2 September 2012

Uganda: Traffic Jam - the New Health and Economic Disaster


Owning a car is a status statement and a key success benchmark after years of toil. It draws envy and admirations in varying proportions for many Ugandans.

While owning a car enhances life style and mobility, it is also a death trap through accidents, accounting for loss of over 3, 000 lives in Uganda annually, Police statistics show.

Enter traffic jams, and you have a serious health, economic and environmental problem- Kampala City's new nemesis, compounded by nightmarish noise of deafening hoots from crammed motorists.

"At peak hours, motorists drive at 4km/hr in Kampala," says Merion Tibabiganya, a public transport consultant.

"This means that if you are walking, you will be faster than someone travelling in a car. We need to find a solution to the jam problem urgently."

Why the jams?

Kampala is chocking on traffic jams, a product of her own economic prosperity over the years due to relative peace and macro-economic stability, resulting in wealth accumulation for individuals. This has economically empowered Ugandans to own vehicles.

Because of the increased wealth, many have also illegally erected buildings on road reserves, making the roads smaller and intensifying the traffic jam.

But in discussing the menace, no single element can be blamed in isolation.

A combination of broken and narrow roads, floods, high population growth rate, poor physical planning, resulting in construction of unplanned structures and the increase in vehicle population, have connived to render Kampala, one of Africa's model cities in the 1960s, a shadow of its former self.

Post-independence Uganda has witnessed express economic growth averaging 6% annually.

However, for a city planned for 500,000 people in 1903, Kampala chokes on over two million people during the day and one million at night, UBOS data shows.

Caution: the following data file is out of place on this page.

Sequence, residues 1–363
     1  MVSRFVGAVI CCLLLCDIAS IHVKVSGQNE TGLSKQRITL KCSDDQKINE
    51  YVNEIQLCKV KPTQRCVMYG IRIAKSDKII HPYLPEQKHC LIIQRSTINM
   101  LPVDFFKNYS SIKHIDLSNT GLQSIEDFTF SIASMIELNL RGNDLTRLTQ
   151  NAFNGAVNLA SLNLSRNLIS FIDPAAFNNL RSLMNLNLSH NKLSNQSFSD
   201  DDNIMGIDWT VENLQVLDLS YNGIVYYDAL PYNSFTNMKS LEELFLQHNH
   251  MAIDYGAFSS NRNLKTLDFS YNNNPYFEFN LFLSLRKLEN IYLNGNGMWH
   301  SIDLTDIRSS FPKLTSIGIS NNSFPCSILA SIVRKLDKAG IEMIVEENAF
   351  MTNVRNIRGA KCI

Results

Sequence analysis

When Uganda gained independence in 1962, she boasted a population of six million inhabitants, with 5,000 vehicles plying her 400km road network.

Fast-forward 2012, and there are 33 million Ugandans and a road network totalling 82,500km.

However, with this hasty growth, has come increase in vehicle population, now estimated at over one million, half of which ply city roads daily, according to government statistics.

"The growth in vehicle population is not adequately matched by improvement and maintenance works on the roads," notes works state minister Eng. John Byabagambi.

"We need to invest in roads maintenance to keep the existing road network in good condition."

More jams, lost revenues

The absence of a well-managed and efficient public transport system, since the collapse of the state-run Uganda Transport Bus Company in the late 1980s, left citizens at the mercy the Uganda Taxi Operators and Drivers' Association (UTODA) and boda bodas.

In fact, it is largely the pain and agony of a failed public transport service, mainly offered by 14-seater mini-buses, that many Ugandans invest in personal cars, resulting in traffic jams that cost the economy a whooping sh500m daily in burnt fuel, according to the state of environment report for Uganda, 2008, conducted by NEMA, the national environment watchdog.

"The increase in motor vehicles has resulted in an increase in pollution, traffic jams, congestion and a reduction in the quality of life for urban dwellers," it says.